St Germanus of Constantinople considered that the preservation from decay of the body of the Mother of God, the Virgin Mary, and its elevation to heaven as being not only appropriate to her Motherhood but also to the peculiar sanctity of its virgin state: It is written, that you appear in beauty, and your virginal body is altogether holy, altogether chaste, altogether the dwelling-place of God; from which it follows that it is not in its nature to decay into dust, but that it is transformed, being human, into a glorious and incorruptible life, the same body, living and glorious, unharmed, sharing in perfect life.
Another very ancient author asserts: Being the most glorious Mother of Christ our saviour and our God, the giver of life and immortality, she is given life by him and shares bodily incorruptibility for all eternity with him who raised her from the grave and drew her up to him in a way that only he can understand.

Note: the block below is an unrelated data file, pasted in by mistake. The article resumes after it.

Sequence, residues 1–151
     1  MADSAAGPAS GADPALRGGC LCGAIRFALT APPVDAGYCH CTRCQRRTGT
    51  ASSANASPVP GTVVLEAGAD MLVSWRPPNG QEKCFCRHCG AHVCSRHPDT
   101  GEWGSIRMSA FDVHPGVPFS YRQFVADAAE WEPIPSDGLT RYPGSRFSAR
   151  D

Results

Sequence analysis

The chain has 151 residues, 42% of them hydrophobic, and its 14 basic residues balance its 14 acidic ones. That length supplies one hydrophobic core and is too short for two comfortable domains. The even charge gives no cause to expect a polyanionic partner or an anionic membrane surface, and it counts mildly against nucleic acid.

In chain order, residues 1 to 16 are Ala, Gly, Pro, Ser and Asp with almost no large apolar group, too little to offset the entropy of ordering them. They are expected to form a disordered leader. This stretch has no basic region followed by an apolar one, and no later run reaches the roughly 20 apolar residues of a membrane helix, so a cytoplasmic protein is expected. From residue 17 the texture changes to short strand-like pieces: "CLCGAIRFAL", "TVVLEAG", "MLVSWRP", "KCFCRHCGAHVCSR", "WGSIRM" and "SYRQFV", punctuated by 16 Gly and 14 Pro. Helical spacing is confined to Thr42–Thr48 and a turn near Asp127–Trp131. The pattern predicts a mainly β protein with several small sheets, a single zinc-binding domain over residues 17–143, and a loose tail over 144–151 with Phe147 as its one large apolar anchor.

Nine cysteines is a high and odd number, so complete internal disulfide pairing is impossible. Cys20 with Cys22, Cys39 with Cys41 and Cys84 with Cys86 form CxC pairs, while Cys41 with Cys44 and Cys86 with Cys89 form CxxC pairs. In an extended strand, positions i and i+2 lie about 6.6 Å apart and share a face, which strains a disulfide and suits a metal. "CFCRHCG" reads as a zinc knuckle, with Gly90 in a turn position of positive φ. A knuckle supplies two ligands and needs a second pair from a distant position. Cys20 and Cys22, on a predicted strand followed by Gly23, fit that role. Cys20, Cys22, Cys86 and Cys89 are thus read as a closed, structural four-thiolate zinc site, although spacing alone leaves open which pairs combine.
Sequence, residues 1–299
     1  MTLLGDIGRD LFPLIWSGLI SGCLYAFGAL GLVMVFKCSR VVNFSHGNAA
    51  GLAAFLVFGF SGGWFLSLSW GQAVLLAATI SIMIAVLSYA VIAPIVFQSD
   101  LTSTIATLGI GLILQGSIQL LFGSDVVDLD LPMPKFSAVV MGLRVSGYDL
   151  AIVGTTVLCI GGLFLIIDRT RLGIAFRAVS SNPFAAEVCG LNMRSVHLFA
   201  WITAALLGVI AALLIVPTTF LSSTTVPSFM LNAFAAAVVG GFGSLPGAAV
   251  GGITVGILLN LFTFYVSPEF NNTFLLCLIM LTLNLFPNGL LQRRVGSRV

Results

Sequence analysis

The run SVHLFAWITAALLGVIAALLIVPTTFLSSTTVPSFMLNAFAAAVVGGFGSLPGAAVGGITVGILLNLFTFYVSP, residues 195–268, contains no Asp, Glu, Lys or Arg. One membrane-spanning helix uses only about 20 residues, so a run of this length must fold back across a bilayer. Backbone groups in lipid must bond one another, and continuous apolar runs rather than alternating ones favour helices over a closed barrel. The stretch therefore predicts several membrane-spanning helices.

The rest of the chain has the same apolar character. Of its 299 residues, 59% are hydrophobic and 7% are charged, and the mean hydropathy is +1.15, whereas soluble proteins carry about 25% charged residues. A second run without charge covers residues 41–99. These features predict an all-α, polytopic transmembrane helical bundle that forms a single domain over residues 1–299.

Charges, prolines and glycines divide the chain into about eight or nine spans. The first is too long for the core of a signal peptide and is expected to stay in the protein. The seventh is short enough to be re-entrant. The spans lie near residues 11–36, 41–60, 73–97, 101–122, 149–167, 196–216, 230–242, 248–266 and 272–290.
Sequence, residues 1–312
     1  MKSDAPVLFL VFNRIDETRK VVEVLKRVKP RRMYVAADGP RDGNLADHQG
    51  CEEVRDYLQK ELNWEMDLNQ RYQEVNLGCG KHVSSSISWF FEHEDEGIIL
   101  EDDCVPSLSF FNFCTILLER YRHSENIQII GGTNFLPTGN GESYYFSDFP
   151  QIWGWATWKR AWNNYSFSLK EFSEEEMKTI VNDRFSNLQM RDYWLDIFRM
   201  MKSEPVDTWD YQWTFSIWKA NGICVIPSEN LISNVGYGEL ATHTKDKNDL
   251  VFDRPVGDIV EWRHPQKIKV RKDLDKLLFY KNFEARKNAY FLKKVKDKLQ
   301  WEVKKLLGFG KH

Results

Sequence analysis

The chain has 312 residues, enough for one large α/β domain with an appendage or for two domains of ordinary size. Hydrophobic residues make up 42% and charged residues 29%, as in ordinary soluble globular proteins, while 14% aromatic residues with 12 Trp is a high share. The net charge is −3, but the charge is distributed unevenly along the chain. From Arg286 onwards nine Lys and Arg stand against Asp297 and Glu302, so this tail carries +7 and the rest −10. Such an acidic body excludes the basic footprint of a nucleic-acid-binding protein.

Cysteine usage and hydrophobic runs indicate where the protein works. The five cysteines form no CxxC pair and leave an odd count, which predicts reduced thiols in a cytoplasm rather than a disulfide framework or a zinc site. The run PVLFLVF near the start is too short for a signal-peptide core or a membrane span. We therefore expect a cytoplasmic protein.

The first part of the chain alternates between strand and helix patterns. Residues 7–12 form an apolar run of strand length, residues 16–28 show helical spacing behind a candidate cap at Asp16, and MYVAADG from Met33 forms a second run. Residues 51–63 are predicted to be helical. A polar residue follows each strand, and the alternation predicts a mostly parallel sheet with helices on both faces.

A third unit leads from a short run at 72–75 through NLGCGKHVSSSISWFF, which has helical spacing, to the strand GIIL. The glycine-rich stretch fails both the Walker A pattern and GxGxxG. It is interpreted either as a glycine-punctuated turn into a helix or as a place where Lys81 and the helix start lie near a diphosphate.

All that the holy fathers say refers ultimately to Scripture as a foundation, which gives us the vivid image of the great Mother of God as being closely attached to her divine Son and always sharing his lot.
It is important to remember that from the second century onwards the holy fathers have been talking of the Virgin Mary as the new Eve for the new Adam: not equal to him, of course, but closely joined with him in the battle against the enemy, which ended in the triumph over sin and death that had been promised even in Paradise. The glorious resurrection of Christ is essential to this victory and its final prize, but the blessed Virgin’s share in that fight must also have ended in the glorification of her body. For as the Apostle says: When this mortal nature has put on immortality, then the scripture will be fulfilled that says “Death is swallowed up in victory”.